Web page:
Local 54, in Atlantic City, is a classic case study in organized crime and labor racketeering. Several of the officers of this union and its predecessor unions boast convictions for murder, arson, extortion, drugs, bribes, kickbacks and racketeering. Next to the ownership of the casino itself, the control of Local 54 is the most important prize in the Atlantic City sweepstakes. . . . In 1978, when the casinos opened, Local 54 began to rise in stature and importance. Prior to the casino gambling, they only had about 2,500 members and most of them were employed in seasonal jobs in the hotel and restaurant industry in the seashore. The opening of each casino, though, brought between 1,500 and 2,000 new members into the local, and they now have about 15,000 members.l4
Indeed, the stakes were high for this "most
important prize." Membership increases contributed so substantially
to total dues collection that the local's annual income swelled
from $269,000 in 1979 to $1,389,000 in 1982, and permitted the
local to contribute more than $15 million a year to the international's
Health and Welfare Fund.
On December 15, 1980, John McCullough, the
president of Philadelphia Roofers Union Local 30, was shot to
death at his home by Willard E. Moran, allegedly due to his attempts
to organize the Bartenders in Atlantic City away from HEREIU Local
54.15 After his conviction, Moran decided to cooperate with prosecutors
and testified that he was recruited, employed, and trained to
kill McCullough, an associate of Philadelphia LCN boss Angelo
Bruno by former HEREIU Local 54 vice-president Albert Diadone
and Raymond "Long John" Martorano, an associate of Atlantic
City LCN boss Nicodemo Scarfo. Moran testified that these two
actually escorted him to McCullough's home and drove him home
after the murder. Both Diadone and Martorano have been convicted
and sentenced to life imprisonment.
In 1979 Frank Gerace was appointed president
of Local 54 after the previous president, Ralph Natale (another
Bruno associate) was convicted and sentenced to 30 years' imprisonment
for a variety of offenses, including narcotics trafficking.
Local 54, under the presidency of Frank Gerace,
has been the focus of several investigations by law enforcement
agencies, as well as the U.S. Congress. Gerace has been named
in Senate testimony as a significant criminal associate of the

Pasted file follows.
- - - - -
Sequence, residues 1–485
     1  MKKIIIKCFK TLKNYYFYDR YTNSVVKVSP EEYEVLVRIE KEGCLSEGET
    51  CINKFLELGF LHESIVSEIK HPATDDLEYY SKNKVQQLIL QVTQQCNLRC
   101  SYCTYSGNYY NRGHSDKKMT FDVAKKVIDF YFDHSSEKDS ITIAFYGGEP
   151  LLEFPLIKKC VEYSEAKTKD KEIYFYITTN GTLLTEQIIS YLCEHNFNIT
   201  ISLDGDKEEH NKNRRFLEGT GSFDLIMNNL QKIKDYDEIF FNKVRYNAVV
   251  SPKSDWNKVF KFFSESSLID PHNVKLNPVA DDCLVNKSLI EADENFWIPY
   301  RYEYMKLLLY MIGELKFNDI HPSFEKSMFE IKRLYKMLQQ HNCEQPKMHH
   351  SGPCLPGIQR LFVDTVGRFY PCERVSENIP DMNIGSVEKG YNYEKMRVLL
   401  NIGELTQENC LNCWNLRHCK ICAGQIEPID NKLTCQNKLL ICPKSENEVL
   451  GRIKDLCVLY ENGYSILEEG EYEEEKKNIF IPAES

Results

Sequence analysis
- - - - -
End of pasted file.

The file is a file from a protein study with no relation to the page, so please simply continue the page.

Scarfo crime family. The investigations have focused on Local
54's benefit funds, mob ties, and corruption of public officials.
In 1980 the New Jersey Commission of Investigation reported that
Larry Smith, head of Rittenhouse Consulting Enterprises, Inc.
in Cherry Hill, New Jersey, profited handsomely from Rittenhouse's
consulting work to arrange dental care services for HEREIU Local
33. Ultimately, HEREIU Local 33 was absorbed into Local 54 of
Atlantic City. In tracing Rittenhouse's and Local 54's disbursements,
New Jersey commission investigators determined that $153,000 in
cash from the Local's fund could not be accounted for.
After a three-year inquiry, the Senate Permanent
Subcommittee on Investigations said that Smith had controlled
Local 54's dental plan almost since its inception, for the benefit
of Philadelphia organized crime interests, and that the nature
of "consulting" services rendered by Rittenhouse for
substantial fees could not be determined.16 Subsequently Larry
Smith was one of 41 individuals or entities named in a Department
of Labor civil suit. It charges that past and present Local 54
trustees and the corporations formed to administer the $1.2 million
dental plan violated the Employee Retirement Income Security Act
(ERISA) by failing to solicit bids for a dental plan
contract in 1980.17 Neither Local 54 itself
nor its current officers are named in the suit, which asks that
the defendants pay all losses resulting from their alleged actions
and that new arrangements be made to provide Local 54 employees
with dental care.
Local 54 and Corruption of Public Officials
Frank Lentino, a former business agent for
Local 54, recently pled guilty to one count of Hobbs Act conspiracy
and one count of obstruction of justice. During that investigation
Lentino bragged that he controlled labor for Nicodemo Scarfo,